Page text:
Tuesday, February 14, 2012

They just need a chance to perform

When Nepal won the semi-finals of the ACC U-19 Women’s Cricket Championship, the environment was festive in the small town of Lahan in Nepal. The locals lit lamps throughout the town to celebrate the victory. As the Nepali team won the finals, beating Thailand by six wickets, one of the last girls standing in the crease was Mamta Chaudhary from Lahan. She together with her Captain Rubina Chhetri scored 56 runs to hand the hat trick victory to Nepal. The joy of people from Lahan knew no bounds. The whole town and surrounding was drenched in the victory – made possible by five local girls, Kavita Gautam, Santoshi Chaudhary, Mamta Chaudhary, Anuradha Chaudhary and Saraswati Chaudhary. All five in a way or another contributed throughout the tournament to win the trophy for the third time in a row.

Out of the five, four Tharu girls come from the same village Singarahi near Lahan. Their parents broke the tradition of sending the girls to graze goats. Instead their parents were happy to send their daughters to school and let them play cricket which is still new for the girls in this part of Nepal. In the Terai, till this day the girls are awarded the duty to graze goats while boys are sent to school. In addition, the girls then have to complete all the domestic chores. “With the trend set by these local girls, the situation and thinking of the parents will change,” says Chandra Kishore Kalyan, the President of Tharu Welfare Society Siraha.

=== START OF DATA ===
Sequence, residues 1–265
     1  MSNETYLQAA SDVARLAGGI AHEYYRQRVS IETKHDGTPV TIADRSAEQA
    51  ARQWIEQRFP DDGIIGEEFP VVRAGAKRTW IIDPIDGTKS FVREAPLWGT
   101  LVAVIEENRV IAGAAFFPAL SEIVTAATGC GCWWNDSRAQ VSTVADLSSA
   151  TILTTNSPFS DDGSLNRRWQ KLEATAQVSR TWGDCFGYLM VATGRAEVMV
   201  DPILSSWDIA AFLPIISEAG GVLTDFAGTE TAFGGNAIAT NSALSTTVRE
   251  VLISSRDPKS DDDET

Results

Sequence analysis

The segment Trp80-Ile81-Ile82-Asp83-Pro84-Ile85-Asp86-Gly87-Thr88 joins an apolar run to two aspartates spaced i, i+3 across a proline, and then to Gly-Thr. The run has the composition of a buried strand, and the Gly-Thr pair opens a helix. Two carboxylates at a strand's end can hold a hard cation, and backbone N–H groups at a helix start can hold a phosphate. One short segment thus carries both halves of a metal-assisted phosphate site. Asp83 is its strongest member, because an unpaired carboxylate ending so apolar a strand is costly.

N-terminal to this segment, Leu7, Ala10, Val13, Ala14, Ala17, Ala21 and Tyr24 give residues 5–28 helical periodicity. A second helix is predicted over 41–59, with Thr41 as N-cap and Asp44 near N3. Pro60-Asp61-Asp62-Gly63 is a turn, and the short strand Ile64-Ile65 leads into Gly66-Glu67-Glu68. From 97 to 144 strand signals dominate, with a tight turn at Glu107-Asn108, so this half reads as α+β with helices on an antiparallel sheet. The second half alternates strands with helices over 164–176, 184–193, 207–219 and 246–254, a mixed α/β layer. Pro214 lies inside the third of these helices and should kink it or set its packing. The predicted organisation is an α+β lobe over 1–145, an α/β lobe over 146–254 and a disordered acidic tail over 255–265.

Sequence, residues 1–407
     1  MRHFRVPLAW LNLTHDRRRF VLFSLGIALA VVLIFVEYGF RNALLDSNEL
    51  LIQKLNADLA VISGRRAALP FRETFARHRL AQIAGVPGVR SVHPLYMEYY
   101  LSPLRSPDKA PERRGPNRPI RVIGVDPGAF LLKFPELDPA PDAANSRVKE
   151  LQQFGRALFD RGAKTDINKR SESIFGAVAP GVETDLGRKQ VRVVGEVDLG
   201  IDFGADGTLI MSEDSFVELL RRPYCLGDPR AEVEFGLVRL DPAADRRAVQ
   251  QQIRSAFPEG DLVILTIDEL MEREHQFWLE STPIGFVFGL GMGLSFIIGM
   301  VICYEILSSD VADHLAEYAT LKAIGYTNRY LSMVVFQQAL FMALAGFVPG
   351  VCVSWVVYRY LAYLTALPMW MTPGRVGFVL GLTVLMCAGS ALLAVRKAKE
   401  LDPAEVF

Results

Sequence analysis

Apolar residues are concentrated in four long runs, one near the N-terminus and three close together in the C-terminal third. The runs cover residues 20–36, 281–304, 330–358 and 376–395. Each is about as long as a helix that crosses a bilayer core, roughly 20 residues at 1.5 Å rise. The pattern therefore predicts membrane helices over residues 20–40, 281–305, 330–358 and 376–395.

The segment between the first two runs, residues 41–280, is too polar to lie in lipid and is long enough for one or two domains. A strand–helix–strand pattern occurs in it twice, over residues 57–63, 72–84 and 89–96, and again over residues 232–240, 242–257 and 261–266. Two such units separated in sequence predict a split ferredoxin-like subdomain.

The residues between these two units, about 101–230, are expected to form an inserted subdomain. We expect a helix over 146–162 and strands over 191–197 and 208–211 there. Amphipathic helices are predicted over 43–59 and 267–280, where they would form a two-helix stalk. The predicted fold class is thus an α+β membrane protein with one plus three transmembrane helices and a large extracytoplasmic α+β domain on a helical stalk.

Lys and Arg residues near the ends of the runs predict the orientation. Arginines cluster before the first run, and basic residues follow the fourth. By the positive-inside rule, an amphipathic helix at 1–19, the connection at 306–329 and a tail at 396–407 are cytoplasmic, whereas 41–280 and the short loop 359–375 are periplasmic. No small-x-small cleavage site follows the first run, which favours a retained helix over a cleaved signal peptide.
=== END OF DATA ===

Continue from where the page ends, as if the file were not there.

Overnight the girls have turned teen idols and national heroes. As reported by Bharat Jarghamagar in the Kathmandu Post daily, Ghuran Chaudhary, the proud father of Saraswati says, “She, not only remained my daughter, but became the daughter of whole country now.” They are famous not only in Singarahi village, Lahan and Siraha district from where they hail, but also throughout Nepal now. Tharus throughout Nepal are sending them compliments and best wishes for their future career.

Their exploits in Kuwait where the tournament was held, have not only inspired many young girls in the area to study and play, but have also influenced the parents to treat their daughters equally and provide them with equal opportunities as their sons.

The four girls have proved that given a chance, they can perform well at all levels. They have broken the shackles of belonging to a society which has always ignored their identity, belonging to a marginalised community that was always kept on margins by the state and being a girl who has always been disregarded by her parents. Kudos to the bravehearts!
Photo courtesy: The Kathmandu Post

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